Companies are ditching stuffy corporate protocol and seeking out non-traditional ways to do business. They are using Uber and Lyft instead of taxis, Airbnb instead of hotels, and looking for unique spaces instead of traditional banquets and dull meeting spaces.

“At Peerspace, we are seeing companies large and small turning to our marketplace for space to meet, present, create, collaborate and celebrate. There is something important and impactful about gathering with colleagues or clients in a space that isn’t your own. A new environment can often spark new thoughts and deepen engagement levels,” said Peerspace founder and CEO, Rony Chammas. “Professionals view their experiences in these spaces as a refreshing change of pace from their day to day.”

According to a recent study by Concur, in the last eight quarters, there has been over $77 million in Airbnb spend among Concur’s business travelers. As large organizations get comfortable with using services outside of traditional models, more professionals are opting to try something more interesting, or convenient, when it comes to travel, lodging and meeting and event spaces.

With more options than ever before to get your sweat on, gyms will become a thing of the past. Fitness teachers and entrepreneurs are able to build their business by holding wellness workshops and pop-up classes without needing the approval from a studio ahead of time. Because of this, it’s no surprise that we’ve seen a surge in bookings for yoga workshops, dance workouts, and even meditation classes.

Additionally, more people are training with their favorite fitness instructors from the comfort of their home. Fitness streaming sites like Cody App have seen great success connecting their community of teachers with students. We’ve seen a 37% increase in streaming services and fitness instructors booking space to film ahead of time so that students have the ability to take classes on their own time.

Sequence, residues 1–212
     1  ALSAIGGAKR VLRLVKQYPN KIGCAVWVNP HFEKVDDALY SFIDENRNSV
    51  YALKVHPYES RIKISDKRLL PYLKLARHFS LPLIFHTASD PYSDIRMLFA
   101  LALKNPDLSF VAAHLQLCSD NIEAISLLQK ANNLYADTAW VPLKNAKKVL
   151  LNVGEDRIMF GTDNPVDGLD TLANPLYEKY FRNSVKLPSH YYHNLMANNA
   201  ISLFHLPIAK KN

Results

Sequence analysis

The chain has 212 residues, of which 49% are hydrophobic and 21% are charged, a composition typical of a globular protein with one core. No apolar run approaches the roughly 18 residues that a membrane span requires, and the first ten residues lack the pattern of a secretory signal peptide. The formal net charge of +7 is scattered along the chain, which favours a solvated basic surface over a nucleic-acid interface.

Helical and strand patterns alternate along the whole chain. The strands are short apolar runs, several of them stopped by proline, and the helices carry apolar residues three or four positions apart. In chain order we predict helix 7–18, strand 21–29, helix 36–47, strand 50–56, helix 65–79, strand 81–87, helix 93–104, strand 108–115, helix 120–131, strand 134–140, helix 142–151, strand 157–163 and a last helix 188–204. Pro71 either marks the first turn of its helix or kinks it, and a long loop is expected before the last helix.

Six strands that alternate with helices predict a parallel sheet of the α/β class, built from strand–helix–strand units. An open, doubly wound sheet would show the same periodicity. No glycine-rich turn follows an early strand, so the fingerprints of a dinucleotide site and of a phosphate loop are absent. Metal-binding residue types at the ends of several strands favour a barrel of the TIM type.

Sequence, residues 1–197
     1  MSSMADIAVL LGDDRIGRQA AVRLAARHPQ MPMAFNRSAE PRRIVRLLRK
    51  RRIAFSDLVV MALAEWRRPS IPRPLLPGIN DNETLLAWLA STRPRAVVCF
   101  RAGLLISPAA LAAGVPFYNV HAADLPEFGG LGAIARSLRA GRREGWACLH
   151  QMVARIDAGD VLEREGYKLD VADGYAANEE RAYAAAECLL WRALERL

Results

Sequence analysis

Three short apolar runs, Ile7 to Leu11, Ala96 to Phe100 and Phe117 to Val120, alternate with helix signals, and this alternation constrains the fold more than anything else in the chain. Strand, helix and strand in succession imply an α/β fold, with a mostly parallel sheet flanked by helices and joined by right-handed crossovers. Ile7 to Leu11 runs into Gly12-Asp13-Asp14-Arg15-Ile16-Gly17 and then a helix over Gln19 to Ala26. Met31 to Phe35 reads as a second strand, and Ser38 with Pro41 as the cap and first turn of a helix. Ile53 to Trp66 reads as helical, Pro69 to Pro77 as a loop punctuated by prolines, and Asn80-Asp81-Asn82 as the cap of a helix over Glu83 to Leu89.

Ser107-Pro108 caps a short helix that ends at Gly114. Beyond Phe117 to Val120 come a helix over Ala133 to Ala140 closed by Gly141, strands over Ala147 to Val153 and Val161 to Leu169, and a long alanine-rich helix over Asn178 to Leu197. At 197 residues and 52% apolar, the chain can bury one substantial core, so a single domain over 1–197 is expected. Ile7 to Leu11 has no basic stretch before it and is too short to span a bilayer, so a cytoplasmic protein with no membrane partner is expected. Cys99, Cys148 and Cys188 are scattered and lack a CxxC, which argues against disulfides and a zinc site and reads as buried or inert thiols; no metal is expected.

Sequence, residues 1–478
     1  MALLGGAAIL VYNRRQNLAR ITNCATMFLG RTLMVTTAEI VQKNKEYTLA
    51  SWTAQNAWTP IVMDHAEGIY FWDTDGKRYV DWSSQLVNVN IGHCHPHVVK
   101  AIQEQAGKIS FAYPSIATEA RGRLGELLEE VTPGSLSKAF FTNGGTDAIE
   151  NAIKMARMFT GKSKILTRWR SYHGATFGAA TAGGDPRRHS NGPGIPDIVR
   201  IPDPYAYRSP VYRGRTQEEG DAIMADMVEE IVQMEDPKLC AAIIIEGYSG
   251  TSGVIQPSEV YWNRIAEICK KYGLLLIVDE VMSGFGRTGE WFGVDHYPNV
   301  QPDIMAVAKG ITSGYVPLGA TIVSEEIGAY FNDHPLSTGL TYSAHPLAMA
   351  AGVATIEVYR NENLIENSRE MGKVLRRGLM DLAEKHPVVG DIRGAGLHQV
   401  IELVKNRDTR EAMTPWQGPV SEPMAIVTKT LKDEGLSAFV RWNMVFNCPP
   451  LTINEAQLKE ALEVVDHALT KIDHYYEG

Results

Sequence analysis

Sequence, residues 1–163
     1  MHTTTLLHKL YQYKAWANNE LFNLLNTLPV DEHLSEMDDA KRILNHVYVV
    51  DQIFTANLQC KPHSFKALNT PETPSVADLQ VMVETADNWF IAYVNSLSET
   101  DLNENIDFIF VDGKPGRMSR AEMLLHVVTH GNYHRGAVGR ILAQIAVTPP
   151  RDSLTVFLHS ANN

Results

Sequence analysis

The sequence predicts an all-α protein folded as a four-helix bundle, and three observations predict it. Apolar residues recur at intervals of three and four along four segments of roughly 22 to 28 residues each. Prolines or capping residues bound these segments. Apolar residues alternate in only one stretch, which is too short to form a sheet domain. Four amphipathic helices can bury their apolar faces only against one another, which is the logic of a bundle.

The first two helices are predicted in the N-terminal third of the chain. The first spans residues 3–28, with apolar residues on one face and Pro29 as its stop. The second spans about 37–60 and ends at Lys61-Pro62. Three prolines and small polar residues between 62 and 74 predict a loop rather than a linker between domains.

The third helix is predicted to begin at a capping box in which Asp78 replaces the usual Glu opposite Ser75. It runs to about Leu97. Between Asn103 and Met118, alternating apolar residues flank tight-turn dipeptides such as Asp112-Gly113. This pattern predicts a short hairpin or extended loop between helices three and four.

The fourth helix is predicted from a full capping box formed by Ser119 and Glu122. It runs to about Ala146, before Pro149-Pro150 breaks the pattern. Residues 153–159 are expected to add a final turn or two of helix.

According to Bridal Guide, many couples are marrying later when they have incomes and careers of their own. This means mom and dad aren’t footing the bill for extravagant weddings like they once were before. Instead of booking something lavish, we’ll see more DIY efforts, a scaled back guest list, and less traditional wedding venues.

In the past year, we’ve seen more interest in unexpected venues like local craft breweries that are less expensive options than traditional wedding venues. White-walled raw spaces will also be in vogue, due to their flexibility to make brides’ DIY dreams come true.

In the past, finding a location for a film or photo shoot either involved driving around for hours on end or hiring professional location scouts, which are often pricey. Nowadays, there are easier, less expensive options for people on any budget. The exclusivity about “being in the know” on the best filming locations will be a thing of the past as more tools become available to provide transparency and access to unique spaces.

In addition to these online services, award-winning filmmaker, Matt Maniego, mentioned how the industry looks to Instagram’s geolocation feature to find cool locations from other filmmakers he follows. By cutting out the need for expensive location scouts or overwhelming Google searches, photographers and filmmakers will have more time to focus on their creative projects.